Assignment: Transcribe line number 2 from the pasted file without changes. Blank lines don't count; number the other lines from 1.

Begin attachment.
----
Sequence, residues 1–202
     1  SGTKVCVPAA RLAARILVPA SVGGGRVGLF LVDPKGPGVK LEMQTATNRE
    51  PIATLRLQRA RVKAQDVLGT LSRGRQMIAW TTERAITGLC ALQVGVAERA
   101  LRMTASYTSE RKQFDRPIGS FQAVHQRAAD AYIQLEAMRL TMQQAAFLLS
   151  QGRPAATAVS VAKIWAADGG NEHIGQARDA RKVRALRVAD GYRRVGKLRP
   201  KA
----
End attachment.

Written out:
     1  SGTKVCVPAA RLAARILVPA SVGGGRVGLF LVDPKGPGVK LEMQTATNRE